Sean was our youngest player, a budding Vorthos. When asked what guild he wanted he announced, "I am part of the Selesnya Conclave!" He was a blast to have at the Prerelease.
Sam couldn't come until later, but we saved a place for him. While the others were breaking for lunch,2Sam built his deck and crushed the two remaining rounds. Only two players ended undefeated, and Sam was one of them.
Jack was another opponent. For whatever reason, I constantly underestimate Jack's abilities. He has a comfortable style and plays quickly, so perhaps I believe he isn't thinking through his play. This is likely part of the reason why I was 0–X against Jack. Unfortunately for him, he was mana-screwed in two games that I barely managed to win. Don't worry, he came out ahead in the end. I split my prize winnings with everyone I beat, and I was Jack's only loss of the tournament.
Vlad is one of the younger guys in the tournament. He opted for an interesting RWU build that just never seemed to come together for him. Vlad was looking for some help early on in building his deck, but I was only able to help him for a couple of minutes. This is part of the reason why I don't think I'll be playing in any more of the tournaments. I can better help the players when I'm not playing myself.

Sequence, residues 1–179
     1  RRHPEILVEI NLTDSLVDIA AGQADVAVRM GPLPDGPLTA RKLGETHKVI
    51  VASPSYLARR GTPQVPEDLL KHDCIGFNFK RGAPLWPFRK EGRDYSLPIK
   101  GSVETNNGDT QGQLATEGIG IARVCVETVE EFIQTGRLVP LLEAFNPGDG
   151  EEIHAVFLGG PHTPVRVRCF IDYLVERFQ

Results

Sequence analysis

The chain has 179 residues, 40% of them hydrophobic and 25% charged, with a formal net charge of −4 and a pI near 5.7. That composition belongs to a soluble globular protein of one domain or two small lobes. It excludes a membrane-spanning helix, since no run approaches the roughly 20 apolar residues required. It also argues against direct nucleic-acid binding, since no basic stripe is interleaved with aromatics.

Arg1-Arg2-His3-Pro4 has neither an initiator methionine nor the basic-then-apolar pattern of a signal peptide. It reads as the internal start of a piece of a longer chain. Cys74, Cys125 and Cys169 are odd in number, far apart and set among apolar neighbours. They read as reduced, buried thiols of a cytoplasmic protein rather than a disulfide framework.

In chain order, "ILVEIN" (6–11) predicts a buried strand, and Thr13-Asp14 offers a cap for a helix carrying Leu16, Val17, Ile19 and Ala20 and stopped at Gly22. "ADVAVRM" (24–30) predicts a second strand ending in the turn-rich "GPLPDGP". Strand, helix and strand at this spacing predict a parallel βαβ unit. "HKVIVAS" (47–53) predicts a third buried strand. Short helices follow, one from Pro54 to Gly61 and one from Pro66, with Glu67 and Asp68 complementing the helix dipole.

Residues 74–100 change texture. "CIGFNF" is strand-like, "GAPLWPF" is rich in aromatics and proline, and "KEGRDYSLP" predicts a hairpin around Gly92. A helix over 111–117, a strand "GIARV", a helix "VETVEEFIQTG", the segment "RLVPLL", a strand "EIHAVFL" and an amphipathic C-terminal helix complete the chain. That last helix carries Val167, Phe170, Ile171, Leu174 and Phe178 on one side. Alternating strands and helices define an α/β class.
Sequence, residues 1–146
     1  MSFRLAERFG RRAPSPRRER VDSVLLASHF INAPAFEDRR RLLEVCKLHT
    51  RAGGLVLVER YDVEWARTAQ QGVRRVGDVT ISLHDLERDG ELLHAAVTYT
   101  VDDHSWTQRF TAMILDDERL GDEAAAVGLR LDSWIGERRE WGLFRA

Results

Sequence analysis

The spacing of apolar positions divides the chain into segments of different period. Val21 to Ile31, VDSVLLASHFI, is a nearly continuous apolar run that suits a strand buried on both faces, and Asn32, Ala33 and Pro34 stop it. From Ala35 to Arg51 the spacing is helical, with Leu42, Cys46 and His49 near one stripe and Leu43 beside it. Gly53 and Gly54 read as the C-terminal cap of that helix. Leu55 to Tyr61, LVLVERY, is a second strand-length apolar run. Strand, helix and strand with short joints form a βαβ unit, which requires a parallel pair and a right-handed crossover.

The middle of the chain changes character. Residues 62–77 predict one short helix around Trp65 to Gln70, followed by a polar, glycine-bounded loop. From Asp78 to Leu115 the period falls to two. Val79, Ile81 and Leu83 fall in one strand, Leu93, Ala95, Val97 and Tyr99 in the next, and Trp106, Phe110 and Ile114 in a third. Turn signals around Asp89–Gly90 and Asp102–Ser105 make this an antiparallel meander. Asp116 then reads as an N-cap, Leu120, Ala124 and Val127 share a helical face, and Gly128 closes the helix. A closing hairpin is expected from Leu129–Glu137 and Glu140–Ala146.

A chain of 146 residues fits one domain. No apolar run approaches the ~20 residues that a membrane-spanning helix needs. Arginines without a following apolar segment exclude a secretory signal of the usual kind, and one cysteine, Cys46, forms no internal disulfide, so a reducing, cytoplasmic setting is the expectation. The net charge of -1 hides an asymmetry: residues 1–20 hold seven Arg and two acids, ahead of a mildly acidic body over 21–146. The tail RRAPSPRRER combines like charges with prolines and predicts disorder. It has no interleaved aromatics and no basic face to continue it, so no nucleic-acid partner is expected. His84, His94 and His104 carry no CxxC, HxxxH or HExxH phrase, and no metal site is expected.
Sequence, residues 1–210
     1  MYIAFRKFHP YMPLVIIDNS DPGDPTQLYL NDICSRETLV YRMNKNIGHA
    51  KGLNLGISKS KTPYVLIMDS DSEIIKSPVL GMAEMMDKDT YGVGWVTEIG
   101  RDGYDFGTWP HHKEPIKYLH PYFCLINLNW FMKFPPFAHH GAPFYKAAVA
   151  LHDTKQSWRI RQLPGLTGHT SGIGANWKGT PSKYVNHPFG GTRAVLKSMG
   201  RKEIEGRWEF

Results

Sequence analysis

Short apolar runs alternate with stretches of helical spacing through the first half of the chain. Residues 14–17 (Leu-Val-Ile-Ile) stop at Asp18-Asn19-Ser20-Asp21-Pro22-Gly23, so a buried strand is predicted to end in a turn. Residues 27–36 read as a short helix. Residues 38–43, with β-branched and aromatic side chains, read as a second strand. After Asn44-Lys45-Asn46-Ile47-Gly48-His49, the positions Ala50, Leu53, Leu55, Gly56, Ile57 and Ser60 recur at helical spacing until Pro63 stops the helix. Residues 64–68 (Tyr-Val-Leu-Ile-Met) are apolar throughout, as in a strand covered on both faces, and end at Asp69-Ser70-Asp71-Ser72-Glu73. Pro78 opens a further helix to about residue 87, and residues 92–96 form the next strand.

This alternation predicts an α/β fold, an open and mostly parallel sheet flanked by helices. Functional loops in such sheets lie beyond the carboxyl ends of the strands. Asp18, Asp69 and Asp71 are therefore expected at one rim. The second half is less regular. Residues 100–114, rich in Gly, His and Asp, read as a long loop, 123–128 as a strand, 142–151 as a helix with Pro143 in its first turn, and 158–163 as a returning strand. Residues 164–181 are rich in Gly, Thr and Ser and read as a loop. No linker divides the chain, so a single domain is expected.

The player seated in the middle is Griffin. He is the End Boss for our small Prerelease. He started the Magic Club and plays all the time. He has played in GPs, PTQs, and all sorts of major tournaments. I'm confident that with the right deck and a little luck, Griffin will be on the Pro Tour in the not-too-distant future.
We played in the finals, where I lost a close Game 1 and was blown out in the second by a better player playing a better deck.
This is my son, Spencer, who was the reason I could play this time. I asked Spence if he could run the tournament and he gave up his opportunity to play. I was nearby if there were any problems, but he got all the players into the system, handed out the cards, set up the land stations, tracked wins and losses, kept the Dragon's Maze poster accurate, and handed out door prizes and all the pack prizes at the end of the day.
The only problem he had was a judge call where some fool (on the left) used a Forest, enchanted with Contaminated Ground, for green mana.
I liken my interest in TOing to be similar to fathers who are Little League coaches. I get a chance to spend some time with my son doing something we both love. I'd say the Prerelease was a complete success!
1:I sound like an old 80s hair-club commercial. (return)
2:Another thing I learned a while ago: give your players some time to eat. The little guys will quit just for a chance to get food. Giving them a chance to eat without conceding just makes things more fun. (return)
Bruce's games invariably involve a kitchen table, several opponents, crazy plays, and many laughs. Bruce believes that if anyone at your table isn't having fun playing Magic, then you are doing it wrong.